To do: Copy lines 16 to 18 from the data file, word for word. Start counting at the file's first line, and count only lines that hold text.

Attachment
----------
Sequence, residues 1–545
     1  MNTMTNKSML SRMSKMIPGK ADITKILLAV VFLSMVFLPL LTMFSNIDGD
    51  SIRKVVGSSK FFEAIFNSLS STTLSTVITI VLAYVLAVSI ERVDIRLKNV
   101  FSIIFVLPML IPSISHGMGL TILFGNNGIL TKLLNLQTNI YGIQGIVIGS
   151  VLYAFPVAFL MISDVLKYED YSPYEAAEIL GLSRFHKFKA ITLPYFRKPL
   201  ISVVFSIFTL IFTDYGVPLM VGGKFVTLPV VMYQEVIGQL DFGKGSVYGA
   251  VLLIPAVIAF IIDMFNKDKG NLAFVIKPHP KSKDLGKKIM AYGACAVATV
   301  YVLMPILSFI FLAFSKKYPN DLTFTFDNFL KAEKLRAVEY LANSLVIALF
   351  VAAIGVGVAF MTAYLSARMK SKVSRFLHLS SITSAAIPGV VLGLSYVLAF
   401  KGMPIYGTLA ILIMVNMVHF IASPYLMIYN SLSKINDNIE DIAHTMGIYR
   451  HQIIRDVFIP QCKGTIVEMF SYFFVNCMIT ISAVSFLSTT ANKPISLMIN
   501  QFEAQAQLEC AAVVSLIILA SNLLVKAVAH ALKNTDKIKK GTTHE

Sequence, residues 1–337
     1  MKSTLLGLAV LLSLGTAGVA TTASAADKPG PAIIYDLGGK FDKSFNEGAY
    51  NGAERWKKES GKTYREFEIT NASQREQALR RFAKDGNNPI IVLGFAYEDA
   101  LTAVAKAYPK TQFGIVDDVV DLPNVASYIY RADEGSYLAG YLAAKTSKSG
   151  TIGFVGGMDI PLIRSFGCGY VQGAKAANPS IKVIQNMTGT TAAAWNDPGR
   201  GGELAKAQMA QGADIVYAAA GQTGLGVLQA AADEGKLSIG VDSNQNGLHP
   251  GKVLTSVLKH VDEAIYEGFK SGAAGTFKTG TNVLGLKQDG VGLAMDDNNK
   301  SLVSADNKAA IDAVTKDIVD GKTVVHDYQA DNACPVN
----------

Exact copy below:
   101  LTAVAKAYPK TQFGIVDDVV DLPNVASYIY RADEGSYLAG YLAAKTSKSG
   151  TIGFVGGMDI PLIRSFGCGY VQGAKAANPS IKVIQNMTGT TAAAWNDPGR
   201  GGELAKAQMA QGADIVYAAA GQTGLGVLQA AADEGKLSIG VDSNQNGLHP